Gano, the Des Moines public works director, said it’s less costly for landowners to treat ash trees than to let them die and have them removed.
Treatment could cost a couple hundred dollars every two years, depending on the tree’s size.
Removing a tree, though, can cost between $800 and $1,200, said Gano and others.
The first step for homeowners is to determine if the tree is healthy enough to save, he said.
Waiting can cost homeowners considerably more as the tree becomes brittle and more dangerous to fell. “The sooner these trees come down, the better it will be for the pocketbook,” Gano said.
Beginning in July, Des Moines will remove another 800 to 1,000 trees. Replacing them is part of the city’s regular forestation plan. To get on that list, Des Moines residents need to request that the city replace lost ash trees, Gano said.
The emerald ash borer has now been identified in 21 Iowa counties. (Photo: DNR/Special to the Register)
Without treatment, ash trees will die.
“It’s not 100 percent mortality, but it’s knocking on the door of 100 percent,” said Griffiths, the Wright Outdoor Solutions arborist.
He said the West Des Moines business received about 100 calls about the pest Thursday. Before the discovery of the emerald ash borer in central Iowa, the company received a couple of calls a day.
“It’s almost overwhelming,” Griffiths said. The company has added workers to treat trees and expects to hire more.
Impact expected to vary
Some communities that are especially heavily wooded, such as Johnston, could feel a real blow.
About 18 percent of the trees in Johnston’s public spaces are ashes, according to city officials. The density in several neighborhoods is even higher, with 2,000 ash trees on city property and hundreds more on private property.
Some younger, neighboring cities may have fewer ash trees to treat or remove.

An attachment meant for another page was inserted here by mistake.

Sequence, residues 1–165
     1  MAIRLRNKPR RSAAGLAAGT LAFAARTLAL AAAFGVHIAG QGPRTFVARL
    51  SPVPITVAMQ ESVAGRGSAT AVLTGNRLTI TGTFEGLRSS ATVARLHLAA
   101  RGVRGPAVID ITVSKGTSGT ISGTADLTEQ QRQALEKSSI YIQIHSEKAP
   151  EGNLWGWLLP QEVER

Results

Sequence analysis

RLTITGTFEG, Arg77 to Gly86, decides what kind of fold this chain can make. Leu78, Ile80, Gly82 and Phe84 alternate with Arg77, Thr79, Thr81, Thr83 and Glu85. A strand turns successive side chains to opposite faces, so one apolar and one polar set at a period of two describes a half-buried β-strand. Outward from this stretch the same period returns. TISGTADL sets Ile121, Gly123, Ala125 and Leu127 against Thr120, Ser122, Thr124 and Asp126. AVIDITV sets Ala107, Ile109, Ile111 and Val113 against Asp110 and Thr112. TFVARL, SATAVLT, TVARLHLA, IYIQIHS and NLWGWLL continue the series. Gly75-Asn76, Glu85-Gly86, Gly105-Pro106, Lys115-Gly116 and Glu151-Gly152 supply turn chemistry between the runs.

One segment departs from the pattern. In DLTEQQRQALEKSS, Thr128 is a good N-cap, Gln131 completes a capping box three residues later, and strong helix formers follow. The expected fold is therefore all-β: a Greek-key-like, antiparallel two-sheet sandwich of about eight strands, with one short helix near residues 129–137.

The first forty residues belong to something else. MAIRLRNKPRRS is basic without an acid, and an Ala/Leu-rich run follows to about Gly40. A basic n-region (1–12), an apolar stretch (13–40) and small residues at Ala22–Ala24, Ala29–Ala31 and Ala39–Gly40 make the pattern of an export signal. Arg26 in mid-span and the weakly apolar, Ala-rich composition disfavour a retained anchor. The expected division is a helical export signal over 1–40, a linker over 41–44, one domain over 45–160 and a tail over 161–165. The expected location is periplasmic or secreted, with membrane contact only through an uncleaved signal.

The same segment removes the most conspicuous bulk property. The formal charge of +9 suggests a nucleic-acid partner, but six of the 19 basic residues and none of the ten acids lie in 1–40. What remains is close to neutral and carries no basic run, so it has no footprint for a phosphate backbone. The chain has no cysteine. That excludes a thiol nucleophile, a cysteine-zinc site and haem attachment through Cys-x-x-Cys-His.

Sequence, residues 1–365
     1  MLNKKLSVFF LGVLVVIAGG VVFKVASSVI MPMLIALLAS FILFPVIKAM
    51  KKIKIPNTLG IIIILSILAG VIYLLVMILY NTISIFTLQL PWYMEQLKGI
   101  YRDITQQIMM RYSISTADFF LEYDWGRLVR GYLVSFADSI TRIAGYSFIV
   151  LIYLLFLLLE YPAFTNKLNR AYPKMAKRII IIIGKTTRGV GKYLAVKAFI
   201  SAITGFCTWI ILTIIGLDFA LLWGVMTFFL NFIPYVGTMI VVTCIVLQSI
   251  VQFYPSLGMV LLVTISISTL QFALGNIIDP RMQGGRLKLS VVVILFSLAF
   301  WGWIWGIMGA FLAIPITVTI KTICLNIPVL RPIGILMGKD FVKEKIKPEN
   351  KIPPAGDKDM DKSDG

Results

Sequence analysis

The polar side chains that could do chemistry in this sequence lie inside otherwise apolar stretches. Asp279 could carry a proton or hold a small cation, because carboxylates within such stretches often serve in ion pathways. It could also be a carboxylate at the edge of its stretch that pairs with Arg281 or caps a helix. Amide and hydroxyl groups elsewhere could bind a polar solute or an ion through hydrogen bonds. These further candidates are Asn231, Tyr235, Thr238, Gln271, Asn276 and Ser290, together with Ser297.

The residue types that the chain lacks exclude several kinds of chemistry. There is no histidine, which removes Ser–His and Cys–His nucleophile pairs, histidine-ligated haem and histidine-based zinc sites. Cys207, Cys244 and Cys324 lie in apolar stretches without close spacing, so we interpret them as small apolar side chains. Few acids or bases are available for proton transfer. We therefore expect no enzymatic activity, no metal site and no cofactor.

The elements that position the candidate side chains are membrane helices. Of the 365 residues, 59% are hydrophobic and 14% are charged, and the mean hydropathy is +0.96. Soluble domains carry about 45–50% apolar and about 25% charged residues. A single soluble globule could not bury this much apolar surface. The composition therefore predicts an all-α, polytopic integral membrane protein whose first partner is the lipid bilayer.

West Des Moines has roughly 1,150 ash trees on city property, and Waukee has less than 300, say city officials.
The emerald ash borer’s confirmed arrival was less than 100 yards from the West Des Moines city border and not much farther from Waukee, said John Olds, West Des Moines’ urban forestry supervisor.
Olds said the incident this week doesn’t change the city’s treatment plans.
“We were just moving right along like it was here,” Olds said, noting the close threat with sightings in Jasper and Story counties.
A preserved specimen of the emerald ash borer liesA preserved specimen of the emerald ash borer lies on top of a piece of bark one of the insects has inhabited, leaving grooves on the inside layer. (Photo: MARY CHIND/THE REGISTER)
A preserved specimen of the emerald ash borer lies The inside layer from a piece of ash bark shows the A preserved specimen of the emerald ash borer lies des.alt0101ashborerhole.jpg des.alt0101ashborer.jpg Cities across the country are looking for ways to combat Emerald Ash borer Tracks from emerald ash borers left in a black ash
West Des Moines allocated $240,000 to treat and remove ash trees this fiscal year and slightly less for the coming year. Waukee only recently completed an ash-tree inventory and plans to implement an emerald ash borer management plan this spring.
So far, Burlington and Waterloo have been hit the hardest by the emerald ash borer’s march across the state, said Mike Kintner, an Iowa Department of Agriculture employee who is coordinating the state’s response to the emerald ash borer.
Millions of trees lost nationally
Nationally, the pest has destroyed an estimated 50 million to 100 million ash trees.
The driving force behind public decisions, said Kintner, is a desire to protect residents and property from infected trees. They can die within two years.
“It can be a huge liability,” he said. “Prioritizing trees is generally what we’ve seen cities do.”
Todd Derifield, Waterloo’s city forester, said the city has removed about 700 ash trees since the insect was discovered a year ago. Typically, it removes about 150 trees annually.
Derifield said he worries about keeping pace with the beetle’s destruction.
“I don’t know how fast those little critters are going to work,” he said. “I’m concerned we may reach a point at some time where the trees are dying faster than we can remove them.”
To find out how your neighborhood will be affected, go to: maps.dmgov.org/EXTmapcenter/maps/AshTreeNeighborhoodMapBook.pdf.
Des Moines’ plan
Des Moines plans to focus on about 13,000 “high impact” ash trees near streets, buildings, parking lots and parks that pose a liability to the public and to property.
About 7,200 ash trees would be removed under the plan, and another 5,800 would be treated with a special chemical to kill the invasive beetle.
The remaining 34,000 ash trees are in natural areas and will be left to die and fall on their own.
Iowa is under a statewide quarantine that restricts the movement of hardwood firewood, ash logs, wood chips and ash tree nurseries. The state recommends that Iowans use firewood from local sources to restrict the spread of the pest.